However, this “one size fits all solutions” directly or indirectly conflicts with the expectations of business units that are moving toward a more segmented/targeted solutions that deal with customers at a more granular level.  Many business units interact with the web and see all the new technologies dealing with Analytics, Segmentation, Targeting, AJAX, Flash, Silverlight, Video, JavaScript, Facebook, Social Media, and RSS. The business units then ask the internal I.T. group on the time and effort required to get these features into the CMS/WCM solutions.  What is the result…. push-back!!!

Why do they get push-back?

  • The key performance measures of I.T. conflict with the business needs of the client.
  • I.T. focuses on centralization, support, and reuse while the business units wants segmented, targeted, and custom solutions.
  • I.T. just spent 2-5 years developing a CMS infrastructure to meet the requirements of five years ago and architecture cannot support current needs that demand quick, agile, custom across multiple distributions channels.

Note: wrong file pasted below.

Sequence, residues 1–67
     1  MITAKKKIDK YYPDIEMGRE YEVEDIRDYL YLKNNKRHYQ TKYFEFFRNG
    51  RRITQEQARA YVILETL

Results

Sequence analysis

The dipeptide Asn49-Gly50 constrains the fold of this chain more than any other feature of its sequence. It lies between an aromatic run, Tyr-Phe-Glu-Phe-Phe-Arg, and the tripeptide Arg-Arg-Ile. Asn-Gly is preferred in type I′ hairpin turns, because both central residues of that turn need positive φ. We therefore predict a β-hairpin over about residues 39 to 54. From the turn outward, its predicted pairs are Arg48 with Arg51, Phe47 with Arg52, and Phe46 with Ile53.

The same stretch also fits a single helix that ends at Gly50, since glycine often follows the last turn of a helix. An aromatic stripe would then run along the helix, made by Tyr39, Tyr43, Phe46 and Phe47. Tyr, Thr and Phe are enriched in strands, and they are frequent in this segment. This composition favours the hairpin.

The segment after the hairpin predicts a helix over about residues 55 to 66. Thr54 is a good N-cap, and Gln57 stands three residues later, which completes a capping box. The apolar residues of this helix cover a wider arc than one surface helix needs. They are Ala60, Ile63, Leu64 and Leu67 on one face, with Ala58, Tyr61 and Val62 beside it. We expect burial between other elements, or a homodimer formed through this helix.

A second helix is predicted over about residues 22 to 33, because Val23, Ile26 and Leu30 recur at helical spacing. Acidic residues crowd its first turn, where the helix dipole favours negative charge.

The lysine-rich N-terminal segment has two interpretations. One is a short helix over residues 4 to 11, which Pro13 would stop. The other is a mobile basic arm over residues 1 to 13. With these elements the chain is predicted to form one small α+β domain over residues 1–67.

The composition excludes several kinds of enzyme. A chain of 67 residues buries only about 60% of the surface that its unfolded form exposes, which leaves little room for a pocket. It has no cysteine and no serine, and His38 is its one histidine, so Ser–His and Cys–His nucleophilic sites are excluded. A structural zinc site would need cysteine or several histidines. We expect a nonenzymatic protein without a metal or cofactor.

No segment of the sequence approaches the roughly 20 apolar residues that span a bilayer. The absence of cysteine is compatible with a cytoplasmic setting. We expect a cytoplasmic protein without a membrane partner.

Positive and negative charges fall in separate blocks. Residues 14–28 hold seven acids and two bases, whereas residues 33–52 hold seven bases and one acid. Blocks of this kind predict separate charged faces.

• The current infrastructure is just now getting return on investment and the CTO/CIO are under pressure to squeeze every last dollar out the current infrastructure before significant improvements are made or rebuilt.
  • Traditional I.T. projects require 6-12 months before customizations and modifications can be brought online.
  • Most enterprise CMS/WCM vendors (Microsoft, Interwoven/Autonomy, FileNet, Documentum, Oracle) move just as slow as internal I.T. organizations in delivering more relevant and rich feature sets to meet current and future needs.  Therefore the CMS vendor architecture itself cannot support the business requirement  (Now I know most vendors will directly disagree with this statement, but its true)